Do you ever wonder if your animals at home enjoy the music that you listen to? Have you ever left music or the television on for your pets when you left for work? Even if you didn’t think about it before, there’s now scientific proof as to what kind of music our four-legged friends enjoy.
Music for dogs
According to Psychology Today, dogs are a lot like humans in their musical taste, albeit, played at a quieter volume for their sensitive ears.
Deborah Wells, a psychologist at Queens University in Belfast, played a mix of different music for dogs in an animal shelter to see exactly how they responded. The mixes included popular music (including Britney Spears, Robbie Williams, and Bob Marley), classical music (including Grieg’s “Morning,” Vivaldi’s “Four Seasons,” and Beethoven’s “Ode to Joy”), or recordings by heavy metal bands like Metallica. To test if it was the music or not that had the effect, they also had periods of silence as well as recorded human conversations as control groups.
The study found that the popular music and human conversations didn’t really affect the dogs. Heavy metal seemed to bother them and caused them to bark. But classical music reduced the barking significantly and seemed to have a calming effect. So the next time you’re headed out without your pup, it might just comfort them to throw on some classical tunes and let them relax.
Music for cats
We all know that kitties are a bit more touchy than dogs, maybe even harder to please. So what kind of music do they like? It turns out that it has to be music made just for them. Regular human music didn’t have any real effect on the cats, but when the University of Wisconsin, Madison, and the University of Maryland composed cat-centric music, they found some actual changes.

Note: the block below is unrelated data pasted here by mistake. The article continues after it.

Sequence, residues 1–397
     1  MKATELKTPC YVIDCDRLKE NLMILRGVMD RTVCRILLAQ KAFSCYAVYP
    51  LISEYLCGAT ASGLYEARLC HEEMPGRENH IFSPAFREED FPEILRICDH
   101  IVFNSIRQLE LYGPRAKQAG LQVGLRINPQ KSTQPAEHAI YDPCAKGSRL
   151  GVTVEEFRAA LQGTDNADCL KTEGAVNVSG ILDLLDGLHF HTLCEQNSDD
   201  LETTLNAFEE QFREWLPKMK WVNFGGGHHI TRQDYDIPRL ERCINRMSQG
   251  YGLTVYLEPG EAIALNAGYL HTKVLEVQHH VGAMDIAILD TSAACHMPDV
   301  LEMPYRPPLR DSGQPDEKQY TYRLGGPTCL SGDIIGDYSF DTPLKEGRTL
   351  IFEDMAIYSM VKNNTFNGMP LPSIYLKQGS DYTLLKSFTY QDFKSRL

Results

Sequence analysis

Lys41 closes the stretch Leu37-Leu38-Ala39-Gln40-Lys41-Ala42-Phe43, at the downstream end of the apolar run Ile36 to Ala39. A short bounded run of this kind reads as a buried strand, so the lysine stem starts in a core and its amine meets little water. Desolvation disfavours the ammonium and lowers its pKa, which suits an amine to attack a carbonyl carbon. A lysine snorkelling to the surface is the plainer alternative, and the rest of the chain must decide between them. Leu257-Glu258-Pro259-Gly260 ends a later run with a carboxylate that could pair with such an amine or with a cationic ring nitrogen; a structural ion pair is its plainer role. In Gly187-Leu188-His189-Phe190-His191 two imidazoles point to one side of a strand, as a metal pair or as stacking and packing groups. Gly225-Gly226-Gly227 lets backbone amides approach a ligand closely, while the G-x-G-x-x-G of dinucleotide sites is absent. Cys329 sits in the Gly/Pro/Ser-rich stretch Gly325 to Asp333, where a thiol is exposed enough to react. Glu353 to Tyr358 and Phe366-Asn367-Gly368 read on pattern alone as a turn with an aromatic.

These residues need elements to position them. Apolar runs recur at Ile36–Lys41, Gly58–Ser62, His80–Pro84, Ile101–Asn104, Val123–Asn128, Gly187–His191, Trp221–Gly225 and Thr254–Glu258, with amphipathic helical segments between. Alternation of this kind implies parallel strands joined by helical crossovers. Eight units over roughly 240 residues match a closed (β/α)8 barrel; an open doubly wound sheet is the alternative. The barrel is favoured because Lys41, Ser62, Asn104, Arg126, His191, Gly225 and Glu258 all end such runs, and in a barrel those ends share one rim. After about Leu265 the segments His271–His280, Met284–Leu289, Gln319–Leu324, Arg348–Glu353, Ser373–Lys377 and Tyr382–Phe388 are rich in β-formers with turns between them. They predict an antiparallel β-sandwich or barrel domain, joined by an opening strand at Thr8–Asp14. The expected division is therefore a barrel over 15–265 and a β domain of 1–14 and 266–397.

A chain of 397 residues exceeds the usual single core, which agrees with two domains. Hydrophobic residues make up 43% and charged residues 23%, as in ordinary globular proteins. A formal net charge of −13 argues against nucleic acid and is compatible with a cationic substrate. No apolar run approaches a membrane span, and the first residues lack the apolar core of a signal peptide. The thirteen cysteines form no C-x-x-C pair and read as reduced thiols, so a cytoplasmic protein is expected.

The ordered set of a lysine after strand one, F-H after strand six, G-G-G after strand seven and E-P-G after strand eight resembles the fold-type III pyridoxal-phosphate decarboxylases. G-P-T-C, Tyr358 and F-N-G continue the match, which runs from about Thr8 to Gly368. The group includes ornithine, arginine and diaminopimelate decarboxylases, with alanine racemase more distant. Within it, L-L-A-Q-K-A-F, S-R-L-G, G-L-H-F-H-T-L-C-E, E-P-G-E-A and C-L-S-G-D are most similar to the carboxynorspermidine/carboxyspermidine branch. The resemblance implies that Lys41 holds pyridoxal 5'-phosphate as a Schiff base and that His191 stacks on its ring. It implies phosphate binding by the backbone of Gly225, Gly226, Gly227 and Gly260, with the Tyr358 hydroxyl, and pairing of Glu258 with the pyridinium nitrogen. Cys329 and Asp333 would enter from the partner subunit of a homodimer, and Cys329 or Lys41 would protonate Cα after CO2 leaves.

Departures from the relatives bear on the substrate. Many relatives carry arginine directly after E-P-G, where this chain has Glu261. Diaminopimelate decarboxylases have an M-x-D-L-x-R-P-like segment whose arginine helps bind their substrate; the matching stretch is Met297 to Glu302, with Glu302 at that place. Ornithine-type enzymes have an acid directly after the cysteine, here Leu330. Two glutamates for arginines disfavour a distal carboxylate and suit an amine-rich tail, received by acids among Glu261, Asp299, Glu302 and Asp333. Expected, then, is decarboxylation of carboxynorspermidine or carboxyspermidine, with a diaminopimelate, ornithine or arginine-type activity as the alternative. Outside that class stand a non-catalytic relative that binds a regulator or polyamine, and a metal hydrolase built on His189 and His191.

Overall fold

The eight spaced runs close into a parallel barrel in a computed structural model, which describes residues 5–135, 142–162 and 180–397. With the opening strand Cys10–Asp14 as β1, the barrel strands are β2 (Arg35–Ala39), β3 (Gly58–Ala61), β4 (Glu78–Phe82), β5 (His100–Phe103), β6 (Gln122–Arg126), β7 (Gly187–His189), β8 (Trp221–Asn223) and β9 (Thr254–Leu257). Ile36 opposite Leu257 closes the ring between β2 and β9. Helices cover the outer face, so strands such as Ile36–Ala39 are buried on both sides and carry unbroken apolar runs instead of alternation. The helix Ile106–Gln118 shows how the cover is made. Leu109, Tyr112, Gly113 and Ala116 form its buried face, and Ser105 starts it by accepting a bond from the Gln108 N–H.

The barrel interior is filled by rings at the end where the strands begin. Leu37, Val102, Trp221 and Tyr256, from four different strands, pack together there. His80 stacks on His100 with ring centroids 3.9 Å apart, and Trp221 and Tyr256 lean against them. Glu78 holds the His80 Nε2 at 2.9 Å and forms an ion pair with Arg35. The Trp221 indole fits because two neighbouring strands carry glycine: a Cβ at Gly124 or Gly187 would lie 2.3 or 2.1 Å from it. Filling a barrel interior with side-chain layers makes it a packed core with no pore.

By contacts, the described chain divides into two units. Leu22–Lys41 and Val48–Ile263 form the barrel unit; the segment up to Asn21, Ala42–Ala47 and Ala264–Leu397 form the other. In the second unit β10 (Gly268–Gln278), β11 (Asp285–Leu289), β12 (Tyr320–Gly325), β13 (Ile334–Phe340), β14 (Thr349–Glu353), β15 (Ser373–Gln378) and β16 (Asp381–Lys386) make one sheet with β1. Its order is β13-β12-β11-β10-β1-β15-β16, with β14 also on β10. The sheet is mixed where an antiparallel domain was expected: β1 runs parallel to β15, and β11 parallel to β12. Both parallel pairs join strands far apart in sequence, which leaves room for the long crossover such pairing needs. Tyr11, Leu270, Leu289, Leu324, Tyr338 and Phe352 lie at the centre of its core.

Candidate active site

As you can hear in the song above, it’s definitely not your typical radio jam. To create the “cat music,” scientists tried to connect with what cats would find interesting, such as purring, suckling, sliding frequencies, and a higher octave. It turns out when cats heard this music made for them, they became excited and started approaching the speakers, often rubbing up against them.
Why make music for animals?
The reason scientists are doing these studies is because many animals in shelters are stressed out and these incredible scientists want to help them relax during their stay.
Now that you know, will you be playing tunes for your fuzzy four-legged friends? Do you believe it? What did your cats do when they heard the song above?
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